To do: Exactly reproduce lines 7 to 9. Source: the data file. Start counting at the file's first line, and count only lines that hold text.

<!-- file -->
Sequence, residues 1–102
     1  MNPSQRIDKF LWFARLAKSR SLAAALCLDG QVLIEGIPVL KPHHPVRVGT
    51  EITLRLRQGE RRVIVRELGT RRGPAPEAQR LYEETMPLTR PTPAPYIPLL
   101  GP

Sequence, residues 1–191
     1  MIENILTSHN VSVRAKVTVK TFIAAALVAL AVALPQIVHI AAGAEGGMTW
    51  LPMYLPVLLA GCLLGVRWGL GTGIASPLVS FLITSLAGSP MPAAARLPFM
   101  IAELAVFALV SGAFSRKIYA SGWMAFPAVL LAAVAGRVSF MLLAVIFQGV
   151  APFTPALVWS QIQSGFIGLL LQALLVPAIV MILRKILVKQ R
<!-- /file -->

    51  LPMYLPVLLA GCLLGVRWGL GTGIASPLVS FLITSLAGSP MPAAARLPFM
   101  IAELAVFALV SGAFSRKIYA SGWMAFPAVL LAAVAGRVSF MLLAVIFQGV
   151  APFTPALVWS QIQSGFIGLL LQALLVPAIV MILRKILVKQ R